swamped with memories of what it had been like in the cold and snow with Wade lying on top of her. Praying they would make it out of there alive.
She shook off the wave of intense feelings, focusing on more practical concerns. “About tomorrow… I need some help in figuring out how I’m going to get back home.”
“Major McCabe is looking into that now. It may take a few days to find a mission already slated to go to that region, but once we do, we can put you on the aircraft. You’ll just need someone to pick you up. Or you can arrange for private transportation faster. Your call.”
Leave tomorrow or wait around for days? Days when her sister could be planning to leave. “I think I need to look into those speedier arrangements. And what about that deputy who shot at us?”
“Authorities here have notified the sheriff there, his boss. They’re already sending a scouting party for him and the bodies. They’ll want to take your statement over the phone today before you leave.”
“Of course. Whenever they’re ready.” She struggled to push aside years of suspicions hammered into her head, the mantra repeated by her parents to be careful who she trusted. There were people out there who would shut down their community if they could, would take away their home and shuffle them back to a more congested area where it was “easier” to track their activities. But what other option did she have if she wanted justice for Madison and Ted than to talk now?
“Afterward, I can help you make arrangements to fly home.” Wade continued, “I could drive you to an airport.”
Now wouldn’t that have made things easier? Too bad there would be no record of her existence in any bank in the world, let alone access to a credit account. “I was only planning to go on a mountain hike. There aren’t exactly any places that call for a MasterCard or Visa there.
And my family doesn’t have reliable phone service. Um, sorry, but where I live is pretty remote.”
“As are a lot of places in Alaska.” He leaned back in the chair, watching her as if waiting for her to say more. When she didn’t, he continued, “So? What’s the plan?”
“I don’t know,” she finally admitted. “I don’t know who to trust and what’s the right decision.”
“I’m not sure I understand what you mean.”
“I’m sorry.” She shook her head, sweeping her hair back, the length still damp from her shower.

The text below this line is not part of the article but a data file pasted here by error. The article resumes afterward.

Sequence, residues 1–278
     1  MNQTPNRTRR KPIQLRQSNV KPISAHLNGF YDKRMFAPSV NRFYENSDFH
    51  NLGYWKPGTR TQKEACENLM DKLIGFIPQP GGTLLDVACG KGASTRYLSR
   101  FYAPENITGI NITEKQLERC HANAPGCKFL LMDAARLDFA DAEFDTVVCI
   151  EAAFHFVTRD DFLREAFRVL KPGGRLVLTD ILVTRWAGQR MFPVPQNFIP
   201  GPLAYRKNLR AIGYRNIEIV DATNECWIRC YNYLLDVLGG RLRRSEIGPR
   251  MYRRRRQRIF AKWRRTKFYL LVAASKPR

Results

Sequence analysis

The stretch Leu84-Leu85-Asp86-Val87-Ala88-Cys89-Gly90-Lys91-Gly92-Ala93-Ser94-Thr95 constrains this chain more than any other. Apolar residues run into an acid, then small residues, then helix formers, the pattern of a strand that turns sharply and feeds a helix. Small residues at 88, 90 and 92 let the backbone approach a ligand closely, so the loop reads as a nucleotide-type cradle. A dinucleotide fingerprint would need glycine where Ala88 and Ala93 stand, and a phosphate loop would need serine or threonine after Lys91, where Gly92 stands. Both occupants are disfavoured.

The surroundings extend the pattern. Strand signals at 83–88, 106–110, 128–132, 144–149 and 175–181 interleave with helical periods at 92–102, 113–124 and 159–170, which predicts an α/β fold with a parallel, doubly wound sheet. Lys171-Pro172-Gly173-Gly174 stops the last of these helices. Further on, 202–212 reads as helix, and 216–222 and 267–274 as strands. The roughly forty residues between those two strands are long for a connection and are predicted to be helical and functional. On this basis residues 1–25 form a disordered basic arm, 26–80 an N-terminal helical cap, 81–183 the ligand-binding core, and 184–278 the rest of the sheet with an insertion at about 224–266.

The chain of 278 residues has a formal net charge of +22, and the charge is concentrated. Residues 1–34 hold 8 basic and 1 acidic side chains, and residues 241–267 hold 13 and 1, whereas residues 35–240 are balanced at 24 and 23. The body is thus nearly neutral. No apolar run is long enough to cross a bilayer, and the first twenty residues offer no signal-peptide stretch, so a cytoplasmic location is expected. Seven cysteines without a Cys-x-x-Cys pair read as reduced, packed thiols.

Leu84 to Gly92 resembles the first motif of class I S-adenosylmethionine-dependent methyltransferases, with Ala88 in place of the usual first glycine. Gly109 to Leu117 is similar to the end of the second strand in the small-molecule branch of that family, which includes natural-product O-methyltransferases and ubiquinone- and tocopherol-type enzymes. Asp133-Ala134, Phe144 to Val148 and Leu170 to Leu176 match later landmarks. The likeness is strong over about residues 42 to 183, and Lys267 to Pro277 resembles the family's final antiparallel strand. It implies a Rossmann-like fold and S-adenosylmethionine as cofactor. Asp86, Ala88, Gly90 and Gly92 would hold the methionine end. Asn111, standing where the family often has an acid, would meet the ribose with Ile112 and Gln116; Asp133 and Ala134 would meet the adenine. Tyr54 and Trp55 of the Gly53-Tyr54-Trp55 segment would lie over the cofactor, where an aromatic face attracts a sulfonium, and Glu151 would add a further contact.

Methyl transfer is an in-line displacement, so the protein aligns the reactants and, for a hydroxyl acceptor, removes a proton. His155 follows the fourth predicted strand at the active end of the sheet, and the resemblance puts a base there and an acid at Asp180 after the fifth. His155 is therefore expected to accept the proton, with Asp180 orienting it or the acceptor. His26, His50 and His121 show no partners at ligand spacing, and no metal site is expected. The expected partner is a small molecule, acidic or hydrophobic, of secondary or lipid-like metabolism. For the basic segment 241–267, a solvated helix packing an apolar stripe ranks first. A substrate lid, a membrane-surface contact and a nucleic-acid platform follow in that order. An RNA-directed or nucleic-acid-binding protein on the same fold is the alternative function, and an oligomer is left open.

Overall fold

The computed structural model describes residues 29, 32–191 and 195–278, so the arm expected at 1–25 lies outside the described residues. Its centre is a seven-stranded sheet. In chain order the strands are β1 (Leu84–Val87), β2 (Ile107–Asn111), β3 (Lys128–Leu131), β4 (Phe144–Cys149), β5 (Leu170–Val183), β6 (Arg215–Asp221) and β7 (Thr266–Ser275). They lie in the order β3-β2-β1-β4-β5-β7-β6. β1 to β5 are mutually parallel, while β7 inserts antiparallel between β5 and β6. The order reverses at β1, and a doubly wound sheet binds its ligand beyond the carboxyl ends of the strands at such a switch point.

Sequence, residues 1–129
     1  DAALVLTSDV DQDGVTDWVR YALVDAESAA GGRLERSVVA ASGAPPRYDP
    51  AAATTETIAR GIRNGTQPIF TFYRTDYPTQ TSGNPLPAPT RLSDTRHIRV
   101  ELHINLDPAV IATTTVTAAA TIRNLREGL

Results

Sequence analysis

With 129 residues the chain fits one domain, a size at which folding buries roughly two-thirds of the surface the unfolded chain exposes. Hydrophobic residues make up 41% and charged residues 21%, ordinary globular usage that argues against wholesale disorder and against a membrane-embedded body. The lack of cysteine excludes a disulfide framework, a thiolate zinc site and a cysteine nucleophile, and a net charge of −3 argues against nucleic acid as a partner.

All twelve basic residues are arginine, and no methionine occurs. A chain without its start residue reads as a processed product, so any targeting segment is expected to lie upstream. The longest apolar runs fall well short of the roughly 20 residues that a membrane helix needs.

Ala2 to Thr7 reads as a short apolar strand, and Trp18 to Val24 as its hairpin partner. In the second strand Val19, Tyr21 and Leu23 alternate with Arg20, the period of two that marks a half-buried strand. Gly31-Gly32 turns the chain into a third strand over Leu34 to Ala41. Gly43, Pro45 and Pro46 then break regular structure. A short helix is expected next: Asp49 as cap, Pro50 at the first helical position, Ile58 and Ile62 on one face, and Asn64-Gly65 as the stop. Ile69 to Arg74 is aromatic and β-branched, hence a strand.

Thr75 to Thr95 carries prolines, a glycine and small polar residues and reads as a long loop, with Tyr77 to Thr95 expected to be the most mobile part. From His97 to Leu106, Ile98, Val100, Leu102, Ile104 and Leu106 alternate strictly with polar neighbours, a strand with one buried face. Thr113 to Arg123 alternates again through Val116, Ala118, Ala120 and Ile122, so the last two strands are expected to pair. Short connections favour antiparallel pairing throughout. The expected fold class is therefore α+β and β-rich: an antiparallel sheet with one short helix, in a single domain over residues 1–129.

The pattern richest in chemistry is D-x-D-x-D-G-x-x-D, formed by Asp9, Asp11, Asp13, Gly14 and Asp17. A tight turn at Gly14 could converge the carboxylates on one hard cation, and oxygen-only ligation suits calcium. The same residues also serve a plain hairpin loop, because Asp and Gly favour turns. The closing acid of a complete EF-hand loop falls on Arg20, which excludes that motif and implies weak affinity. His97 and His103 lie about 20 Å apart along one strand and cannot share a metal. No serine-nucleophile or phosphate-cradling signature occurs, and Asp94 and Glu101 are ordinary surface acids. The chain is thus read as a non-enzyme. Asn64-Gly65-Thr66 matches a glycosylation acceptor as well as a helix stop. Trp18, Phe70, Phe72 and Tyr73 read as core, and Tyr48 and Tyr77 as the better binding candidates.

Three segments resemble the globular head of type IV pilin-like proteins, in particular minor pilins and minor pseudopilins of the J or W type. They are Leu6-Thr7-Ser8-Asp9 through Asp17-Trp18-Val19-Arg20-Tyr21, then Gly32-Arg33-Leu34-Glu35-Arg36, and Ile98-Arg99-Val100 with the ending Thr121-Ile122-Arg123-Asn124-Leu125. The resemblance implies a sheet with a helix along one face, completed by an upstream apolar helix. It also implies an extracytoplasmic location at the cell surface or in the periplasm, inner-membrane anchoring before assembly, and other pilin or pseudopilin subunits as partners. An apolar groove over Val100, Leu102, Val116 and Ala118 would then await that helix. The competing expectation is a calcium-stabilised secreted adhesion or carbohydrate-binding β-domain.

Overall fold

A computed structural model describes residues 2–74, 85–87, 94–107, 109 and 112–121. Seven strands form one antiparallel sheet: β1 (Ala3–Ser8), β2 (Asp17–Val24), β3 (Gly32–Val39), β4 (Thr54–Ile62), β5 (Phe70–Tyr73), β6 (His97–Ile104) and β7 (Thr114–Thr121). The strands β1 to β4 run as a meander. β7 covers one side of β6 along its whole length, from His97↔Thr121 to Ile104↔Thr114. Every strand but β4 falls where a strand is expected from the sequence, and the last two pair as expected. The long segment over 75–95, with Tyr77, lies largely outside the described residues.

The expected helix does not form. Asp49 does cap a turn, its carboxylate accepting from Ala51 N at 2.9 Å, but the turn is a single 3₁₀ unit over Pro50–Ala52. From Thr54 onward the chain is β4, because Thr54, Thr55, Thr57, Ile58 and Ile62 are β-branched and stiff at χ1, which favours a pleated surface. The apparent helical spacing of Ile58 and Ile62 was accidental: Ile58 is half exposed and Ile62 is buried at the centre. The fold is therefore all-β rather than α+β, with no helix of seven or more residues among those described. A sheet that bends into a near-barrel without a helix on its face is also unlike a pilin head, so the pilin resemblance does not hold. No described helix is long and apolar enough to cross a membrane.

His eyes tracked her, stayed on her hair. She forced her hands back to her lap.
“Can I trust you?”
“I don’t know. Can you? On the one hand, I did save your life. And on the other, I’m a guy you’ve just met.”
Somehow the way he left the decision up to her put her more at ease. “For now you’re a better option than some folks I’ve known a lot longer.”
Like the deputy who’d played duck shoot with them earlier. My God, she needed to warn so many people in her community who trusted that man.
“It would help if you told me what you’re talking about.” He leaned forward, elbows on his knees, muscular arms straining the sleeves of his uniform.
She stared into Wade’s eyes, the same steady gaze that had gotten her safely off a mountain and away from a madman. Taking a deep breath, steadying herself, she needed to reach out to him again if she wanted any chance of warning her sister.
“Call me a paranoid, off-the-grid kook who sees conspiracy theories everywhere, but I just can’t shake the weird feeling that the deputy’s actions have to be a part of something bigger.” She didn’t trust the local sheriff’s department now, not when she knew how many friends Rand had back home. The corruption had to go deeper. And if it did, the military’s phone call to his boss wasn’t going to save Misty. “Otherwise it just doesn’t make sense for him to kill two people.”
She hoped he wouldn’t think she was crazy. She needed him to believe her. And sitting so close to him and confiding her deepest fears, she realized she needed
. All those raw feelings he’d stirred inside her back on the mountain came roaring to life again now, like frostbitten toes recovering sensation with a vengeance.
“He could have had the hots for the woman.” His shoulders shrugged, his chair nudging closer until she could almost feel the body heat radiating off him. “It could have been an assault situation gone over the edge. Then he came after us because we found the bodies. He was probably trapped out there in the storm the same way we were.”
“That all makes sense, I guess.” She held ultrastill. A move away could well relay how much his presence affected her, and she wasn’t sure if she wanted to take that step or not.
“Actually, I didn’t come up with the theory myself. That’s what his boss seems to think happened. Apparently Rand Smith had been talking about the woman around work for quite a while.”